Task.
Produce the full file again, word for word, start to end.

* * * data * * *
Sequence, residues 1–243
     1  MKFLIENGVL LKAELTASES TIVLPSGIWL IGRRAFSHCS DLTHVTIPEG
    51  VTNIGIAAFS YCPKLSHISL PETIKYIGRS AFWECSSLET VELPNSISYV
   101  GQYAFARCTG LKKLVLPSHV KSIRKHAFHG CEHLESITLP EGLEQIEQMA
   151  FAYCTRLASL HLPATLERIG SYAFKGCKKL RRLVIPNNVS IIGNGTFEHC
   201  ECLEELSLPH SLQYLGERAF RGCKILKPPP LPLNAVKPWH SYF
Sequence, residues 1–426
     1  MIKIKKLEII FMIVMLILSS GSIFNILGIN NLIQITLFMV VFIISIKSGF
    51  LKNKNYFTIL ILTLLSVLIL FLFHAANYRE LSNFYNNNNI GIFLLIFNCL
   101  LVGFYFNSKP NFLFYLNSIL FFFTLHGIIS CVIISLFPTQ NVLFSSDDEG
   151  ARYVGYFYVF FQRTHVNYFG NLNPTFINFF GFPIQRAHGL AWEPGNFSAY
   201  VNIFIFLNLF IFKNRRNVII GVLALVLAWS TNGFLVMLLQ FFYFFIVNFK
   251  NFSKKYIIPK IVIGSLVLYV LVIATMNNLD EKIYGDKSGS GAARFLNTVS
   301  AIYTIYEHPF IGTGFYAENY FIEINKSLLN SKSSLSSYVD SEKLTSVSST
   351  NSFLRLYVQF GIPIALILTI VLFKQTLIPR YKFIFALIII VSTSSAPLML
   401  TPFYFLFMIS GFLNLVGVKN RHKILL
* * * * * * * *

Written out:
Sequence, residues 1–243
     1  MKFLIENGVL LKAELTASES TIVLPSGIWL IGRRAFSHCS DLTHVTIPEG
    51  VTNIGIAAFS YCPKLSHISL PETIKYIGRS AFWECSSLET VELPNSISYV
   101  GQYAFARCTG LKKLVLPSHV KSIRKHAFHG CEHLESITLP EGLEQIEQMA
   151  FAYCTRLASL HLPATLERIG SYAFKGCKKL RRLVIPNNVS IIGNGTFEHC
   201  ECLEELSLPH SLQYLGERAF RGCKILKPPP LPLNAVKPWH SYF
Sequence, residues 1–426
     1  MIKIKKLEII FMIVMLILSS GSIFNILGIN NLIQITLFMV VFIISIKSGF
    51  LKNKNYFTIL ILTLLSVLIL FLFHAANYRE LSNFYNNNNI GIFLLIFNCL
   101  LVGFYFNSKP NFLFYLNSIL FFFTLHGIIS CVIISLFPTQ NVLFSSDDEG
   151  ARYVGYFYVF FQRTHVNYFG NLNPTFINFF GFPIQRAHGL AWEPGNFSAY
   201  VNIFIFLNLF IFKNRRNVII GVLALVLAWS TNGFLVMLLQ FFYFFIVNFK
   251  NFSKKYIIPK IVIGSLVLYV LVIATMNNLD EKIYGDKSGS GAARFLNTVS
   301  AIYTIYEHPF IGTGFYAENY FIEINKSLLN SKSSLSSYVD SEKLTSVSST
   351  NSFLRLYVQF GIPIALILTI VLFKQTLIPR YKFIFALIII VSTSSAPLML
   401  TPFYFLFMIS GFLNLVGVKN RHKILL